Scrubbing 1930s ranching tools that had been stored in a barn for half a century; picking up sequins that have fallen from Liberace’s costumes; cataloging more than 25,000 lapel pins worn to show solidarity for local labor strikes.
Internships in the public history program may not always glamorous, but they do serve an important purpose. Public history is about rolling up your sleeves, digging in, working with others, and making the most of what you have. Internships teach students how to do that.
Our internships in public history require 120 hours of on-site experience. Students typically complete these hours over the course of a summer. Working under the supervision of the Associate Director of Public History Deirdre Clemente, the student partners with an institution or organization related to their area of interest, and completes the terms of the internship. Students have often stayed on to work as volunteers or employees after they have completed their hours.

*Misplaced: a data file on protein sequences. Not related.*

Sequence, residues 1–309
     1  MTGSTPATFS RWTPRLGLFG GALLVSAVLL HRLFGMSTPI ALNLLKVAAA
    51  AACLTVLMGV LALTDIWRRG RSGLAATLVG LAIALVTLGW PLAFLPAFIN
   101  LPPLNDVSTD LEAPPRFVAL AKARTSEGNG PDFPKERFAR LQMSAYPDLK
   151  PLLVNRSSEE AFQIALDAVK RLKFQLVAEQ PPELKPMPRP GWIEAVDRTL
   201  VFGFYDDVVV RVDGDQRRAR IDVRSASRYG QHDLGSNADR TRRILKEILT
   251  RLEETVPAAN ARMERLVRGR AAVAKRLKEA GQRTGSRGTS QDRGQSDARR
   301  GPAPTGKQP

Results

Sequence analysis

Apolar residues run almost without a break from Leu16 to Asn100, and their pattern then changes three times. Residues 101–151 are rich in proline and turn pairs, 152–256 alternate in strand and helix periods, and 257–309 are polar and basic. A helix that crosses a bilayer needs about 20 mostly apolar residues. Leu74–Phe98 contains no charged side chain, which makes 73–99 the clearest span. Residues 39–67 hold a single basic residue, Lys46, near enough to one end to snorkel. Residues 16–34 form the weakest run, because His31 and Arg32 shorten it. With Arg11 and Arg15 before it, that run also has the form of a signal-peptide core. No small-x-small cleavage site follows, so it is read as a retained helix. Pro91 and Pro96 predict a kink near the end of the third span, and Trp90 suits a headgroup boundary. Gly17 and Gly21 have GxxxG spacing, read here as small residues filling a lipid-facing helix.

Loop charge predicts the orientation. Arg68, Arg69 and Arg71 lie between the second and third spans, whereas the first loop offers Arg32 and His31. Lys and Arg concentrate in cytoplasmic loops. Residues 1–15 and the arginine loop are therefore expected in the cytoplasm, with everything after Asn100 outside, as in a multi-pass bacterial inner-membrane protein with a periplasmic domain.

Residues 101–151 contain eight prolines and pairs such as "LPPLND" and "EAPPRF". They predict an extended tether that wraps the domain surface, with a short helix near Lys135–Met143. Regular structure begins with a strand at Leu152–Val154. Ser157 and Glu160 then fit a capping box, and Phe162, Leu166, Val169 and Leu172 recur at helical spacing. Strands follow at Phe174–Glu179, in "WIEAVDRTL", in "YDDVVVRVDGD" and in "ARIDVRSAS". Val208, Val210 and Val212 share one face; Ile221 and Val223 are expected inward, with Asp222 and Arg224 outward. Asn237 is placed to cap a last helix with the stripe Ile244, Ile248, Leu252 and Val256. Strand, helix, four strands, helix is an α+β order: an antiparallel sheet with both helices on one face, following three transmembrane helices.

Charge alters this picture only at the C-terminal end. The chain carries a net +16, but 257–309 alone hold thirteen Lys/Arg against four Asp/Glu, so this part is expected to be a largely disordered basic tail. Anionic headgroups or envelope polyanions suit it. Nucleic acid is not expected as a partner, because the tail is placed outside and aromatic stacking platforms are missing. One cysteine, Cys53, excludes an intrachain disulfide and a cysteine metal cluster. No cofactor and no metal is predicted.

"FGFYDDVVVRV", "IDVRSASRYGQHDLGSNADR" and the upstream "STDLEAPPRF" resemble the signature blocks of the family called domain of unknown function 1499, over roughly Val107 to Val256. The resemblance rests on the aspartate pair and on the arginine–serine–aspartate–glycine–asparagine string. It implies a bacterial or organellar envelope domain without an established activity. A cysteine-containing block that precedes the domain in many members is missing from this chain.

In the past, students have completed internships with the National Park Service, the Museum at FIT, the Mob Museum, the Office of Historic Preservation at the City of Las Vegas, The Liberace Foundation, The New Bureau at the Las Vegas Convention and Visitors Authority (LVCVA), the Clark County Museum, Special Collections at UNLV’s Lied Library, and The Hard Rock Hotel and Casino.
Summer internships provide continuity to the H. 749 and H. 750 experience. Here’s what some of our graduate students did recently: